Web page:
Firefox, HTTPS and Shared Hosting

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Firefox, HTTPS and Shared Hosting

Paul M Foster
Folks:

Recently, Mozilla announced that they were going to ultimately cut off
the use of "new" features when users are viewing content via the HTTP
protocol, preferring instead the HTTPS protocol. This is an
oversimplification, but that's more or less the gist of it.

Now, most websites are hosted in a "shared hosting" environment. In such
an environment, there is generally one IP address which may serve
hundreds or thousands of websites. This IP address is shared amongst
them all, and HTTP 1.1 protocol additionally sends the domain name to
allow routing to the proper domain.

My understanding of certificate issuance (needed for secure
communications with websites) is that each domain which wishes to use a
certificate must have its own unique IP address. So Mozilla's strategy
wuold effectively cut off 99% or more of websites from using new
features.

So let me get this straight. They want to secure access to less than 1%
of the world's websites by sacrificing the other 99%?

Am I missing something here? Someone please tell me how this is supposed
to shake out. If this has been previously discussed. my apologies;
please point me to the thread.

Paul

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Paul M. Foster
http://noferblatz.com
http://quillandmouse.com
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Re: Firefox, HTTPS and Shared Hosting

Rob Mayhue
Hi Paul,

Modern web servers can use Server Name Indication (SNI) to solve this.  This link on Wikipedia should explain a few things.

http://en.wikipedia.org/wiki/Server_Name_Indication

--
Rob Mayhue


On Jun 4, 2015, at 1:02 AM, Paul M Foster wrote:

> Folks:
>
> Recently, Mozilla announced that they were going to ultimately cut off
> the use of "new" features when users are viewing content via the HTTP
> protocol, preferring instead the HTTPS protocol. This is an
> oversimplification, but that's more or less the gist of it.
>
> Now, most websites are hosted in a "shared hosting" environment. In such
> an environment, there is generally one IP address which may serve
> hundreds or thousands of websites. This IP address is shared amongst
> them all, and HTTP 1.1 protocol additionally sends the domain name to
> allow routing to the proper domain.
>
> My understanding of certificate issuance (needed for secure
> communications with websites) is that each domain which wishes to use a
> certificate must have its own unique IP address. So Mozilla's strategy
> wuold effectively cut off 99% or more of websites from using new
> features.
>
> So let me get this straight. They want to secure access to less than 1%
> of the world's websites by sacrificing the other 99%?
>
> Am I missing something here? Someone please tell me how this is supposed
> to shake out. If this has been previously discussed. my apologies;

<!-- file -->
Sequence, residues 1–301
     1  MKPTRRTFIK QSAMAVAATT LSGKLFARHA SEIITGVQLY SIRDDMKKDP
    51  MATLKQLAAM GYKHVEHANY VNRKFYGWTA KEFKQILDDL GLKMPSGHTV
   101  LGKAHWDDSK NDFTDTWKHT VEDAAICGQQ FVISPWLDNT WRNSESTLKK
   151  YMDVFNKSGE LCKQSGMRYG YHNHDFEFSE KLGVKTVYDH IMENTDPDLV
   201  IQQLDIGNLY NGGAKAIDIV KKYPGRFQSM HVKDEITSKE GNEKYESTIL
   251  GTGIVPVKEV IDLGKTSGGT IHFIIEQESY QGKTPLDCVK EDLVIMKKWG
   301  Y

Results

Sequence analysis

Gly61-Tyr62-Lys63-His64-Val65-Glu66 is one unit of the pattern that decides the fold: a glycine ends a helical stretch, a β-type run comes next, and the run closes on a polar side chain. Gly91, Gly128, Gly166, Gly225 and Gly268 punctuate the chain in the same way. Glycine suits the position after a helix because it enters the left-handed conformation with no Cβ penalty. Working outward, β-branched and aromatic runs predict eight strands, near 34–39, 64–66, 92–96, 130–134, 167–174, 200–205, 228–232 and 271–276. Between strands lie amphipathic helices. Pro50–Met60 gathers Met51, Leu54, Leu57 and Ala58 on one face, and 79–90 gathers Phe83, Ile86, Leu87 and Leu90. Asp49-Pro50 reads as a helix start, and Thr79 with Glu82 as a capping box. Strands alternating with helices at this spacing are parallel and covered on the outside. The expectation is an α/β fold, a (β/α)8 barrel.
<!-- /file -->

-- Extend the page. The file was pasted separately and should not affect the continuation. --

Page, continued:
> please point me to the thread.
>
> Paul
>
> --
> Paul M. Foster
> http://noferblatz.com
> http://quillandmouse.com
> _______________________________________________
> slug mailing list
> [hidden email]
> https://www.suncoastlug.org/mailman/listinfo/slug
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Re: Firefox, HTTPS and Shared Hosting

dylan
Administrator
In reply to this post by Paul M Foster
The actual thread in question relates to /new features to html / http
being https-only, not dropping support for plain http. Sure, eventually
it would be good for plain http to disappear, but that's the long tail.

Additionally, the Let's Encrypt project (launching real soon now?)
offers a way for anyone to get an SSL cert for free.

Currently I know of two ways of getting free ssl certs: StartSSL will
let you have a (single-domain) one,
and if you put your content behind CloudFront, they will manage an SSL
cert for you.

https://groups.google.com/forum/#!topic/mozilla.dev.platform/xaGffxAM-hs%5B1-25%5D
is the thread in question.

Note: suncoastlug.org uses a not-free, but reasonably priced setup from
StartSSL -- basically I pay $50 every two years to verify I am who I say
I am, and in return any sites (that I host) I can get SSL certs.

HTTPS everywhere essentially has to happen, even without concerns for
privacy, tampering with http traffic as a way of generating ad revenue
is only going to become more common. :(
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Re: Firefox, HTTPS and Shared Hosting

Paul M Foster
In reply to this post by Rob Mayhue
On Thu, Jun 04, 2015 at 06:59:51AM -0400, Rob Mayhue wrote:

> Hi Paul,
>
> Modern web servers can use Server Name Indication (SNI) to solve this.  This link on Wikipedia should explain a few things.
>
> http://en.wikipedia.org/wiki/Server_Name_Indication
>
> --
> Rob Mayhue

Thanks. I found that out late last night as I continued to research the
subject. I was going to get on today and give an answer to the list,
but you beat me to it.

Paul

--
Paul M. Foster
http://noferblatz.com
http://quillandmouse.com
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